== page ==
How Do Cell & Gene Therapy Requirements Differ Between FDA & EMA?
By Michael Cooper, Clinical and Regulatory Affairs, Pharmatech Associates
Cell and gene therapies (CGT) are the new frontier of medicine, offering life extension and sometimes cures for previously untreatable conditions. These revolutionary therapies are expensive and follow nontraditional routes to approval. In this article, we compare and contrast how the U.S. FDA and the European Medicines Agency (EMA) approach cell and gene therapies, including the additional reimbursement approval step required in the European Economic Area (EEA).
Not surprisingly, the FDA and EMA use different terminology to describe CGT. While the steps required to pull together an approvable marketing application are the same, sponsors need to be familiar with appropriate terminology and language to locate guidance documents and for use in agency communications.
For a start, EMA uses the term advanced therapy medicinal products (ATMP) instead of CGT. ATMPs are further categorized into gene therapy medicinal product (GTMP), somatic cell therapy medicinal product (SCTMP), tissue-engineered therapies (TET), and combined advanced therapies.
Approvals In Each Market
The FDA has approved 27 CGTs to date: 14 cell therapies and 13 gene therapies. The EMA has approved 24 CGTs to date: 16 GTMPs, 4 SCTMPs, and 4 TETs. We note that 13 products received approval in both regions. Products receiving approval in both regions include CAR T cell therapies that have proven so effective at treating blood cancers (e.g., Kymriah, Yescarta, Tecartus, etc.).
The FDA approved eight cord blood products (stem cells derived from umbilical cord blood) to treat hematopoietic system disorders, whereas the EMA has not approved any, although two received orphan designation: NiCord and NLA101. Conversely, Holoclar is approved in the EEA as a stem cell therapy to treat corneal tissue, whereas it only received orphan designation in the U.S. No U.S. approved products have been withdrawn from the market after receiving approval, whereas seven out of 24 EEA products have been.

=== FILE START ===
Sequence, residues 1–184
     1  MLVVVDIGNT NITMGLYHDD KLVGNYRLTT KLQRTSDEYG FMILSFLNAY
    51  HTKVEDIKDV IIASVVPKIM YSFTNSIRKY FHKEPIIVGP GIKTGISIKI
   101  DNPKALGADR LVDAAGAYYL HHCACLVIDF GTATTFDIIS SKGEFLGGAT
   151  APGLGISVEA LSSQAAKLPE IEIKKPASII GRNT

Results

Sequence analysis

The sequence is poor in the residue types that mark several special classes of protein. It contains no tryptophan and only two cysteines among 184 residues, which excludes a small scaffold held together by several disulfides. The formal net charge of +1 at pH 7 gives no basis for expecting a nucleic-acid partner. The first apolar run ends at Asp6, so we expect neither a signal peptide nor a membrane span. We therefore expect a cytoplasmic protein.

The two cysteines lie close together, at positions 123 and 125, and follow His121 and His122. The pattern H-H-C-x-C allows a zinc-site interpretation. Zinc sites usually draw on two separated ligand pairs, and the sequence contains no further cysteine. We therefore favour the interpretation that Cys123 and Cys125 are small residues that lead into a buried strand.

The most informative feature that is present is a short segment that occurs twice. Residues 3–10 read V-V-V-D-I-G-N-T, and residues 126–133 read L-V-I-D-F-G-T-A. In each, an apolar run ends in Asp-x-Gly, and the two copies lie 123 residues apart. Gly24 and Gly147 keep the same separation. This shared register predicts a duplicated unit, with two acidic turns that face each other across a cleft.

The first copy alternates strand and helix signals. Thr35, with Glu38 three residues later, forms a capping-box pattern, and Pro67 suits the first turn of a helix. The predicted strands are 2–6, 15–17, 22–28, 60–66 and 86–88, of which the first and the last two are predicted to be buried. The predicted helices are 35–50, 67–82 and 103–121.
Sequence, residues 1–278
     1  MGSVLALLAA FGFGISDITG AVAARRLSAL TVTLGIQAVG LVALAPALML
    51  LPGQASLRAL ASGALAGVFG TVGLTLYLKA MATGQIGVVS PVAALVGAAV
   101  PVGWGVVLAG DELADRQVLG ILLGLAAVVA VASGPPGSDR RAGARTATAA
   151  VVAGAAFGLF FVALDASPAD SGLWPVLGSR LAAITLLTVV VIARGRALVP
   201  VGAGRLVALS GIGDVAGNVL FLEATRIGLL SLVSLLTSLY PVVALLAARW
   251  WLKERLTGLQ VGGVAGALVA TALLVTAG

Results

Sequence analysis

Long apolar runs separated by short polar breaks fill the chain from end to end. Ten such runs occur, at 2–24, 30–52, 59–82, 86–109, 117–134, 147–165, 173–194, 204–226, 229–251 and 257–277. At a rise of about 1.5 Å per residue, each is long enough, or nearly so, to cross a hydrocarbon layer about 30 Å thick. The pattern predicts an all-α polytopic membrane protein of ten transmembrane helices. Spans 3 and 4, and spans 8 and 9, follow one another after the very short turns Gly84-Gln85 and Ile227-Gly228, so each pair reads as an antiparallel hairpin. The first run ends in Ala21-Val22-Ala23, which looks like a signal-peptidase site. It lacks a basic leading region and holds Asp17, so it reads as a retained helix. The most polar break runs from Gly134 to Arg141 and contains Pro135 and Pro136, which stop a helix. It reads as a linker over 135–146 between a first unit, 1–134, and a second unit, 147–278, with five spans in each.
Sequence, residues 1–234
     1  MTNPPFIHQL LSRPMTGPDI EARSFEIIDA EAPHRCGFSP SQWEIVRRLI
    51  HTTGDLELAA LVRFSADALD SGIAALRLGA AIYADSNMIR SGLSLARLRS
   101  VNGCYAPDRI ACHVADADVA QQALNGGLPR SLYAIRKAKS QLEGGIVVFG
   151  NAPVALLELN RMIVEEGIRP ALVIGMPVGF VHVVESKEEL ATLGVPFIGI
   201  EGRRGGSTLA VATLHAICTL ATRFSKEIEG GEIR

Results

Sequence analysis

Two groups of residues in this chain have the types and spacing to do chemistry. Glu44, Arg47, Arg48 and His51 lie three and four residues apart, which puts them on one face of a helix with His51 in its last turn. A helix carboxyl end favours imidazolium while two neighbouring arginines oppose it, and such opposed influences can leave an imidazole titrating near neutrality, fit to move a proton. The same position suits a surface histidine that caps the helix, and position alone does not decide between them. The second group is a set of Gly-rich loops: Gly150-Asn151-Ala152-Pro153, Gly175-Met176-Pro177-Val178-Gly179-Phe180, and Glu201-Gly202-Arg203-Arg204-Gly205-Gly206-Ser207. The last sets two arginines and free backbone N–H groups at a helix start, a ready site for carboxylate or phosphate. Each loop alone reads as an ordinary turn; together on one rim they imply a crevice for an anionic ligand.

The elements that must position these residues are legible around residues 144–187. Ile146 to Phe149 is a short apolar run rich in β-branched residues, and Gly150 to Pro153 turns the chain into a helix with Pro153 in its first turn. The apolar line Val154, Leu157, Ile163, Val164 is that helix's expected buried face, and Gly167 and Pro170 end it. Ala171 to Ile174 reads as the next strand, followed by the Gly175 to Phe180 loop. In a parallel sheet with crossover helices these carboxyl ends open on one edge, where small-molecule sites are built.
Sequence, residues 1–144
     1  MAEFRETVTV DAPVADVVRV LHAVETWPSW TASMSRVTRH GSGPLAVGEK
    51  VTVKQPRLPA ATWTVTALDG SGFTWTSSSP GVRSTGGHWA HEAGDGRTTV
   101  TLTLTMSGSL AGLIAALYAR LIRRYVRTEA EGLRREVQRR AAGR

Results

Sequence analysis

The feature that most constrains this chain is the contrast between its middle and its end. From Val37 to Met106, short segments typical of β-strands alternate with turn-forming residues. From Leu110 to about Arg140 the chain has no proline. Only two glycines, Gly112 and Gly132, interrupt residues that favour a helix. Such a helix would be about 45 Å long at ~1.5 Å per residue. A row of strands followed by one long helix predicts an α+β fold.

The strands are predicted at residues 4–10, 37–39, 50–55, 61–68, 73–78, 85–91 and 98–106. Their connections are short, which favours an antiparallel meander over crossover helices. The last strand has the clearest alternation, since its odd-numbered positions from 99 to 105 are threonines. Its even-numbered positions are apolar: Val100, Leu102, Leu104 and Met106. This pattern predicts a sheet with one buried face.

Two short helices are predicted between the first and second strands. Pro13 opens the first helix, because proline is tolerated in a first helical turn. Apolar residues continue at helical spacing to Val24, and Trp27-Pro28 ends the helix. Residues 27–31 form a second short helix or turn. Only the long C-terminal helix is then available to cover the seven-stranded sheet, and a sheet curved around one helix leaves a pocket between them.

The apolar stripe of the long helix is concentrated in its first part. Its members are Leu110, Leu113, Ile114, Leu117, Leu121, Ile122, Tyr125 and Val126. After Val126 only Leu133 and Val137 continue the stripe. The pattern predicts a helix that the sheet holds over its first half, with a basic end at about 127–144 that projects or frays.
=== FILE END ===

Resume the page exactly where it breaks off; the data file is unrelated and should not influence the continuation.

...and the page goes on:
Clinical Trial Design
In both regions, sponsors face similar challenges when demonstrating safety and efficacy. Patient populations are small for target indications — to be expected in the case of such rare diseases. And for life-threatening indications without approved therapies, it is unethical to administer placebo. As a result, the gold standard, randomized control trial (RCT), cannot be employed. Fortunately, sponsors can borrow strategies from orphan drug developers.
In place of a placebo arm, sponsors can use the standard of care (SOC). If there is no SOC, then natural history or observational studies provide a comparison of disease progression in the absence of treatment. Note that employing this strategy may result in post-approval studies as a condition of approval.
Another hallmark of RCT is a “classical” endpoint that is clearly tied to the condition being treated. Examples include progression-free survival and objective response rate. Many CGT developers rely on “surrogate” endpoints, those likely to predict long-term clinical benefit, to demonstrate efficacy. For example, blood pressure can predict mortality from cardiovascular disease. Agencies are open to this approach if the surrogate endpoint is validated to show correlation with the intended clinical outcome.
Industry and regulators are developing alternatives to the RCT: basket trials, umbrella trials, and platform trials (collectively known as adaptive clinical trials) and pragmatic clinical trials, which incorporate real-world evidence.
In both markets, developing manufacturing processes and analytical methods to ensure batch-to-batch consistency is no easy feat. Demonstrating comparability during phases of product development (e.g., scaling up or site transfers) may require an additional clinical trial to satisfy agencies.
Cell therapy manufacturing can be plagued by cell count variability over time. Gene therapy manufacturing contends with genomic titers that decrease over time and unstable reference standards. CGTs are commonly manufactured using single-use technology (e.g., disposable plastic bioreactors). Both agencies are concerned about a toxic potential leachate, bis(2,4-di-tert-butylphenyl) phosphate (bDtBPP). In our company’s experience, EMA will ask about two more leachable compounds: perfluorooctanoic acid (PFOA) and perfluorooctane sulfonate (PFOS). Sponsors employing single-use technology should be prepared for these questions.